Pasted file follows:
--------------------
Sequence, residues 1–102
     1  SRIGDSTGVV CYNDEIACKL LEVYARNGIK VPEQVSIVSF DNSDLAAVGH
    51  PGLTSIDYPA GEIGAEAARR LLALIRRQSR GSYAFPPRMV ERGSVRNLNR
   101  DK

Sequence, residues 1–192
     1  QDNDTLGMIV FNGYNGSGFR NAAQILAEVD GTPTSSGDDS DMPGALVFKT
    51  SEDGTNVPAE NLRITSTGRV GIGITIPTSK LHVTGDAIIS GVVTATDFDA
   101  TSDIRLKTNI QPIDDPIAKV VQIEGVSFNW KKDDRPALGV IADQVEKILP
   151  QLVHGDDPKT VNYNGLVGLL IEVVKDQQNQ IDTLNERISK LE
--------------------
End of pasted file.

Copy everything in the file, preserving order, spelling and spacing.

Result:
Sequence, residues 1–102
     1  SRIGDSTGVV CYNDEIACKL LEVYARNGIK VPEQVSIVSF DNSDLAAVGH
    51  PGLTSIDYPA GEIGAEAARR LLALIRRQSR GSYAFPPRMV ERGSVRNLNR
   101  DK

Sequence, residues 1–192
     1  QDNDTLGMIV FNGYNGSGFR NAAQILAEVD GTPTSSGDDS DMPGALVFKT
    51  SEDGTNVPAE NLRITSTGRV GIGITIPTSK LHVTGDAIIS GVVTATDFDA
   101  TSDIRLKTNI QPIDDPIAKV VQIEGVSFNW KKDDRPALGV IADQVEKILP
   151  QLVHGDDPKT VNYNGLVGLL IEVVKDQQNQ IDTLNERISK LE